How businesses use Web 2.0

The "Web 2.0" meme has adapted, understanding is widespread, and adoption continues to grow, all indicators that using Web 2.0 provides businesses with real benefits. Drupal, provides many of these Web 2.0 tools out-of-the-box, and we will discuss how they are being leveraged by some firms. Here are some excerpts from McKinsey and Company's surveys of international executives using Web 2.0 at their firms.

Last year, McKinsey & Company conducted a survey of over 2000 international executives in order to determine how companies were using Web 2.0 strategies and technologies.

Successful investments were identified:

Exhibit 1 from

and the companies' level of satisfaction in the ROI was captured:

Exhibit 2 from

In addition to quantitative, plottable feedback, there were in-depth discussions which elicitied the following feedback regarding the executive's experiences with Web 2.0 collaboration and networking tools:

Discussion participants seem generally optimistic about the benefits of these technologies, particularly as they help companies refine their business direction: “The most valuable aspects today are providing a means for customers to have a dialogue with us. This provides benefits to both parties. If we get something wrong, our customers let us know very quickly and they expect to know when we are going to address it. This rich dialogue also brings us ideas and suggestions on future product developments, which is extremely valuable.”

Some executives say the tools are already having visible effects, such as better communication with customers. “The most valuable aspects today are providing a means for customers to have a dialogue with us.” One panelist cites blogs and RSS as factors that are helping to reduce the customer churn rate. Perhaps even more important, several participants are tapping customers’ opinions and expertise to improve product design. “We now see customers, particularly the professionals and customer experts, as having a much greater role in the development of new products,” says one. Another adds, “Our success is based on allowing [clients] to participate in the process.”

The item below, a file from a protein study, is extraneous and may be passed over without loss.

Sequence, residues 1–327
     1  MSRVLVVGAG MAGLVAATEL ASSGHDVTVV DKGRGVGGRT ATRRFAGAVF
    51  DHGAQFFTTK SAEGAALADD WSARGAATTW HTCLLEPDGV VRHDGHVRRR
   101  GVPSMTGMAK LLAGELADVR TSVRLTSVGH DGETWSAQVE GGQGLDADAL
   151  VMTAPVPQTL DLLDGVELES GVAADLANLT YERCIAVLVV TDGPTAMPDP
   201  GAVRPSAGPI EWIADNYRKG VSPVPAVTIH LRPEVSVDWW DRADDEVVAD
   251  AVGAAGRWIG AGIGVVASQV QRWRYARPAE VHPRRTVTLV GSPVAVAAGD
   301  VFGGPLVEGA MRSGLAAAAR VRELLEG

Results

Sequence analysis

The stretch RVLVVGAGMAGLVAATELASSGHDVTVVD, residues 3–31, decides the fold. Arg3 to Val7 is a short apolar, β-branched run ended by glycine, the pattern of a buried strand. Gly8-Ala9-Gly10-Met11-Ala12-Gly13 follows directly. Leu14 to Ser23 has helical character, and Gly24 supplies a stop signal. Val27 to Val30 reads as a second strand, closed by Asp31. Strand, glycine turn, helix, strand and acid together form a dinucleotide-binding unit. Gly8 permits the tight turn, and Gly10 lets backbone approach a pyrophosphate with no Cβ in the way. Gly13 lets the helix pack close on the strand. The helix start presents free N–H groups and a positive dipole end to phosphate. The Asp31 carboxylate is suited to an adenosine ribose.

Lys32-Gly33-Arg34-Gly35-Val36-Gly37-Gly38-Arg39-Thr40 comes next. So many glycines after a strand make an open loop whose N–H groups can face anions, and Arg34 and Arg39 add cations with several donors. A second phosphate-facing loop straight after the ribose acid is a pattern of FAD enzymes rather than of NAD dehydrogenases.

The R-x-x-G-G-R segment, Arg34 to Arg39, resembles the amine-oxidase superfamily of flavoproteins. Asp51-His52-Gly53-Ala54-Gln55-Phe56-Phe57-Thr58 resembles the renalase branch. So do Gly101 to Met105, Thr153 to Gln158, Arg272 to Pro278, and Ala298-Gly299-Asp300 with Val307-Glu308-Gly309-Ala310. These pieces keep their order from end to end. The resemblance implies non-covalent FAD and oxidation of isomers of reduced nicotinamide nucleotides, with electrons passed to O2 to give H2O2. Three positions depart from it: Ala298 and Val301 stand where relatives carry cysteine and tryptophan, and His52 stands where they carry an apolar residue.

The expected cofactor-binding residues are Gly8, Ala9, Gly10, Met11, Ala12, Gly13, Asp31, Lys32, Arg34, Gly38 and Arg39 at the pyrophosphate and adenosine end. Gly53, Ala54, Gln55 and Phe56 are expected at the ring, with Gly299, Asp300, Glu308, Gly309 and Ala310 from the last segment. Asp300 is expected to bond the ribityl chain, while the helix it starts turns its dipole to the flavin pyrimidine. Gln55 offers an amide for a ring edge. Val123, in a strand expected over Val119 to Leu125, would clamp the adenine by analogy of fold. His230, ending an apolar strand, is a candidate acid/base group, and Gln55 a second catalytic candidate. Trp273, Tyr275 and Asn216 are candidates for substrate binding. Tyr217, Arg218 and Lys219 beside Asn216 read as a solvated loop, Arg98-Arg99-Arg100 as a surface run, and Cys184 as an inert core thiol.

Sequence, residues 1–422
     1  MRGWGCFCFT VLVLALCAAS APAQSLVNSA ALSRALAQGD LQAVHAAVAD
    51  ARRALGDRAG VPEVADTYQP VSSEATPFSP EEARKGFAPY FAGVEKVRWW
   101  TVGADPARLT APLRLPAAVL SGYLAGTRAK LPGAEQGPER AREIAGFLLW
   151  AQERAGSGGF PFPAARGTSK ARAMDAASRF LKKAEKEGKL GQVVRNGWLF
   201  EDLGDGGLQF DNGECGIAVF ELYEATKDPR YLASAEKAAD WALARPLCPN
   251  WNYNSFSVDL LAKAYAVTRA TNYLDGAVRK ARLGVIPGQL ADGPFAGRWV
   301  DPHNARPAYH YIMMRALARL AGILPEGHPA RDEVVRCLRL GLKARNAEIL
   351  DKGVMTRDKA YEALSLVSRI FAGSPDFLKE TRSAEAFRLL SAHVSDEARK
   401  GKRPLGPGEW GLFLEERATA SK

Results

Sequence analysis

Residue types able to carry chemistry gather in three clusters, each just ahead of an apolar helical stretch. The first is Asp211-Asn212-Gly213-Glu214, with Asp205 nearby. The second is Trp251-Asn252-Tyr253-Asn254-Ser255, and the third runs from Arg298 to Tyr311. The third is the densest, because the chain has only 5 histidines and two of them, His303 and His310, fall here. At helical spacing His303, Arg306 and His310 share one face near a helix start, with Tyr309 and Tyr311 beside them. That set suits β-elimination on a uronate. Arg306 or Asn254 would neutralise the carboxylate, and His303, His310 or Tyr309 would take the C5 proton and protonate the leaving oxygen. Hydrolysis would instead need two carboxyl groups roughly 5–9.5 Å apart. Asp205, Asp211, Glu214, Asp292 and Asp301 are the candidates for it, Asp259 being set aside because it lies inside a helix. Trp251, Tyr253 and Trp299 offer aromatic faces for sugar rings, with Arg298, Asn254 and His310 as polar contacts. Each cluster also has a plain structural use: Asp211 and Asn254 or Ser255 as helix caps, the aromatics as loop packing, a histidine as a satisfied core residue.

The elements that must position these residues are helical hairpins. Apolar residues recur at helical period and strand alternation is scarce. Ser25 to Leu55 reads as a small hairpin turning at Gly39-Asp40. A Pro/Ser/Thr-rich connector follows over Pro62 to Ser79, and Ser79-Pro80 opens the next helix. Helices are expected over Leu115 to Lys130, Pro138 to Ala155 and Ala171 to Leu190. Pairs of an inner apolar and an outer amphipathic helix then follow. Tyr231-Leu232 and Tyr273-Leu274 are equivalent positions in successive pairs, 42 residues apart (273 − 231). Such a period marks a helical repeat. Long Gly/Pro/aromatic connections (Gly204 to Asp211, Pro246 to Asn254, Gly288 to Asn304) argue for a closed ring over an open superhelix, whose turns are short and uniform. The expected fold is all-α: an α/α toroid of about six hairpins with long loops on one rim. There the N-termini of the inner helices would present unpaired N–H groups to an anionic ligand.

McKinsey has followed up last year's survey with their second annual survey on the business use of Web 2.0 technologies.

Web 2.0 is now familiar, but the mix of tools and technologies companies use is changing [b]logs, RSS,3 wikis, and podcasts are becoming more common ...

The firms using Web 2.0 more extensively also reported higher satisfcation levels:

And the Web 2.0 future, as predicted in the report:

Tougher competition. Almost 60 percent of the respondents satisfied with Web 2.0 initiatives (but only 42 percent of other respondents) see them as a driver of competitive advantage. Expect these companies to become more aggressive in the marketplace against rivals that are slower to get on board.

Higher investment levels. Satisfied or not, all companies plan to spend more on Web 2.0 tools—an opportunity for software developers.

Building Web 2.0 success. There are few differences in size, region, or even tool use between companies that are satisfied with their Web 2.0 experience and those that are not. This suggests that today’s seemingly insurmountable barriers could be overcome through the adoption of managerial methods that satisfied companies use.

Innovation. Successful companies already use Web 2.0 for business applications such as communicating with customers and suppliers; soon they may use it to drive innovation.

As mentioned at the start of this post, Drupal provides many of these Web 2.0 tools out-of-the-box. A brief overview of what is available:

And more statistics, this time on how many sites use Drupal, and how they're using it:

If we conservatively estimate that 20% of the 820,000 downloads in 2008 were used to launch public websites, there could be approximately 164,000 live Drupal implementations in 2008!